The Government has committed to an extra 5,000 doctors in general practice by 2020, as part of a wider increase to the total workforce in general practice of 10,000.
NHS England and Health Education England are working together with the profession to increase the general practitioner (GP) workforce. This includes measures to boost recruitment into general practice, encourage GPs to return to practice, and address the reasons why experienced GPs are considering leaving the profession.
Health Education England has implemented a range of improvements to increase the flexibility of the GP recruitment processes and enable maximum recruitment into GP speciality training. Health Education England reports that 3,019 new starters were recruited to GP training posts in 2016. This represents the highest number of GP trainees the National Health Service has ever recruited in to specialty training in general practice.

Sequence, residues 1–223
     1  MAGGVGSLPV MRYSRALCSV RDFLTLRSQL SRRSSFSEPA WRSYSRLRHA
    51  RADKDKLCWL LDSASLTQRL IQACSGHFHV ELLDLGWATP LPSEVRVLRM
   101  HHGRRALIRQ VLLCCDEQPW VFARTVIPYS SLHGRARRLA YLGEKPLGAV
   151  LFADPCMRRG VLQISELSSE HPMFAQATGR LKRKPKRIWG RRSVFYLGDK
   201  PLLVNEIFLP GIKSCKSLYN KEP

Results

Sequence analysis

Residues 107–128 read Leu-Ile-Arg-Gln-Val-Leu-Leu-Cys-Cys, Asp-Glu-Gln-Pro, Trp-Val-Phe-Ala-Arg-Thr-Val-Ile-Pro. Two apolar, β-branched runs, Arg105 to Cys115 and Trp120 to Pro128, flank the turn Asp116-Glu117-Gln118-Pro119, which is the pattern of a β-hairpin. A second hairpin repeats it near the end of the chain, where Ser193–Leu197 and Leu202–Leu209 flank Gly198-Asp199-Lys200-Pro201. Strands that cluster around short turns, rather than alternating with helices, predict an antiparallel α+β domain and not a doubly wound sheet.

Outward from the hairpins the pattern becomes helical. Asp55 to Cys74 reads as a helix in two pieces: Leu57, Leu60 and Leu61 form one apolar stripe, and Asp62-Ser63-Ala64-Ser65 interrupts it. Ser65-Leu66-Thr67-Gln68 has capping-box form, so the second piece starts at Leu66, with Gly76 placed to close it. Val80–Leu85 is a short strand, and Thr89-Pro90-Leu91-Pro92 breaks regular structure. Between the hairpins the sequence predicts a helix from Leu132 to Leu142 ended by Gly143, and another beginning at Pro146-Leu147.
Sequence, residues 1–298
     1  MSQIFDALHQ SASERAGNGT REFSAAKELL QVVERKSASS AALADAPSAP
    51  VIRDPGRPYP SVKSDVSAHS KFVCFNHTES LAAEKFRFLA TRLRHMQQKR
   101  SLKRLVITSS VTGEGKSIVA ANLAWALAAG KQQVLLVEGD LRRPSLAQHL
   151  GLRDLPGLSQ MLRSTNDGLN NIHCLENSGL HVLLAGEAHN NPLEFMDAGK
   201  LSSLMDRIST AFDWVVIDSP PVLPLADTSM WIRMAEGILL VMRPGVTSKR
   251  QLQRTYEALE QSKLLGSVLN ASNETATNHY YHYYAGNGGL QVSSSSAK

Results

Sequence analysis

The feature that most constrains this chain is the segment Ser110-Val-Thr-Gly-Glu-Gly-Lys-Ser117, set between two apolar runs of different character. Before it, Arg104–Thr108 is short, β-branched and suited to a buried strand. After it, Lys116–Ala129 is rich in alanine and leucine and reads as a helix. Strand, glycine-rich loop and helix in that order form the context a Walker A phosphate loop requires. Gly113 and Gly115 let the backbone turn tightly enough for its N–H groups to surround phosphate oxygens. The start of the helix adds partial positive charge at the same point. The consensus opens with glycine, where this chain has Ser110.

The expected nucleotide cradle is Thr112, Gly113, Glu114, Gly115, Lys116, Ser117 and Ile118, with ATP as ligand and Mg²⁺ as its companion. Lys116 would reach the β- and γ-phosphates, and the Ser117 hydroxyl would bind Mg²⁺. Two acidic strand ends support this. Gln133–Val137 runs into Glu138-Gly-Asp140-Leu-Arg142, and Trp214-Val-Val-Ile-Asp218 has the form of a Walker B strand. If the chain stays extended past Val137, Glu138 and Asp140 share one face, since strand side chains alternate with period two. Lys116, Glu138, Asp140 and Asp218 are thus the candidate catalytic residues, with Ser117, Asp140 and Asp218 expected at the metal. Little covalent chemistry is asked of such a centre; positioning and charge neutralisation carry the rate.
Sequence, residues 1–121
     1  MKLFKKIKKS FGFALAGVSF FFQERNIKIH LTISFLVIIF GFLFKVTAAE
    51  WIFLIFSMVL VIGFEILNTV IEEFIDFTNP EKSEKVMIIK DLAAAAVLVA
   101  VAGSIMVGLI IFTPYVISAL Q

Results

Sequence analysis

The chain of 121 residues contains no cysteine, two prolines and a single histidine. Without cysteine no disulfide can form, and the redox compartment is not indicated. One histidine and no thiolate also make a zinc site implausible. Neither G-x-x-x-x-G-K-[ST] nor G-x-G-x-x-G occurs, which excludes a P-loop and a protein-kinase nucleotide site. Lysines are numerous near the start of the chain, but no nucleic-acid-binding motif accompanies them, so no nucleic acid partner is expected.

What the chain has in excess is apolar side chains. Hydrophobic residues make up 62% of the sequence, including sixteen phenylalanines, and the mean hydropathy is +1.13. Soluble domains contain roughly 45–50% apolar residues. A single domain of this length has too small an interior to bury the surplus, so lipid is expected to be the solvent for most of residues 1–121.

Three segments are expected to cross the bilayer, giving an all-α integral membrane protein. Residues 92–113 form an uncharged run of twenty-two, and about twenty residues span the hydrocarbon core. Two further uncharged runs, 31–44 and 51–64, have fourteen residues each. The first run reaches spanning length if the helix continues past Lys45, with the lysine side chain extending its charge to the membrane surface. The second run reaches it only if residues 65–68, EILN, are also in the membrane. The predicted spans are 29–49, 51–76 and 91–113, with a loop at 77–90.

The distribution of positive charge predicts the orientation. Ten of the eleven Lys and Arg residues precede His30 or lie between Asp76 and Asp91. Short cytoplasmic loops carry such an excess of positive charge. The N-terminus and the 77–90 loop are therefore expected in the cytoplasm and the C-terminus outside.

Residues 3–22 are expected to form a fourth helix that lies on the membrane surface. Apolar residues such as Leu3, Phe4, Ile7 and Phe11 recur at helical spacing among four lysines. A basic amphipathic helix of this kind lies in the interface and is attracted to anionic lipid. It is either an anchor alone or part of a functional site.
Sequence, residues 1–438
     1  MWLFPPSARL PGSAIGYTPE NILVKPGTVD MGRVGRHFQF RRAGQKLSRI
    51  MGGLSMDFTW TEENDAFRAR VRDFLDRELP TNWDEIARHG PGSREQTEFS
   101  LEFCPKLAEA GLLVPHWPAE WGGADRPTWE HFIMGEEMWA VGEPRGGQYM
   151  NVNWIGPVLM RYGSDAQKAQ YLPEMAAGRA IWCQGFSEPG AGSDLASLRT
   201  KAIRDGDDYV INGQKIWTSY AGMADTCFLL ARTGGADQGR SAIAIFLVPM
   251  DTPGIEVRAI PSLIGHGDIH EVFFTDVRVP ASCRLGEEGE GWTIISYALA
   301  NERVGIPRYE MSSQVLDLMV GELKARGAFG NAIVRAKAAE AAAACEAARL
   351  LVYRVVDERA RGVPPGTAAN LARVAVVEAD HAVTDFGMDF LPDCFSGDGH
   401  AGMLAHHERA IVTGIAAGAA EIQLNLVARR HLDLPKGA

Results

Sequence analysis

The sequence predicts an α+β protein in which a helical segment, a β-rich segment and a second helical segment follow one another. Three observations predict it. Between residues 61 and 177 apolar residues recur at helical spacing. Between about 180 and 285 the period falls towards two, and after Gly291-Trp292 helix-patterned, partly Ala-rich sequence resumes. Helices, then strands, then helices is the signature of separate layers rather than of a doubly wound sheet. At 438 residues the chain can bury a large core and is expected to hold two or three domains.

In October 2016, NHS England announced a package of improvements to the GP Induction and Refresher Scheme to make it easier and quicker for qualified doctors to return to general practice, this is supplemented by a campaign to encourage doctors to return. Over 200 are currently registered on the induction and refresher scheme. NHS England is also starting to approve local schemes to bring in suitably qualified and experienced doctors from overseas.
To support the retention of doctors NHS England has announced the launch of the GP Career Plus Scheme in 2017 to test a range of ways to offer flexibility and support for experienced GPs at risk of leaving general practice, this is in addition to the retained doctors scheme which offers funding to support doctors who can only work a limited number of sessions in general practice.